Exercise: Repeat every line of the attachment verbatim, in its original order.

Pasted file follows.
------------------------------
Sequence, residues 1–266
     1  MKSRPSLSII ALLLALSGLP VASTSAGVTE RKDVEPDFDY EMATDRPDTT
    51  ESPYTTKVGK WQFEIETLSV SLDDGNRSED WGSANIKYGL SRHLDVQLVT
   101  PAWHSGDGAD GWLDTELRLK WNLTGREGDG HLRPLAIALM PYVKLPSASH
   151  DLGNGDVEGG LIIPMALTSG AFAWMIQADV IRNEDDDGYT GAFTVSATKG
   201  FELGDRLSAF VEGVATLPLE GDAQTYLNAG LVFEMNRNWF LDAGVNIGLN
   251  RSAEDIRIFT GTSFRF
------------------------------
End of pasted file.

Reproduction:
Sequence, residues 1–266
     1  MKSRPSLSII ALLLALSGLP VASTSAGVTE RKDVEPDFDY EMATDRPDTT
    51  ESPYTTKVGK WQFEIETLSV SLDDGNRSED WGSANIKYGL SRHLDVQLVT
   101  PAWHSGDGAD GWLDTELRLK WNLTGREGDG HLRPLAIALM PYVKLPSASH
   151  DLGNGDVEGG LIIPMALTSG AFAWMIQADV IRNEDDDGYT GAFTVSATKG
   201  FELGDRLSAF VEGVATLPLE GDAQTYLNAG LVFEMNRNWF LDAGVNIGLN
   251  RSAEDIRIFT GTSFRF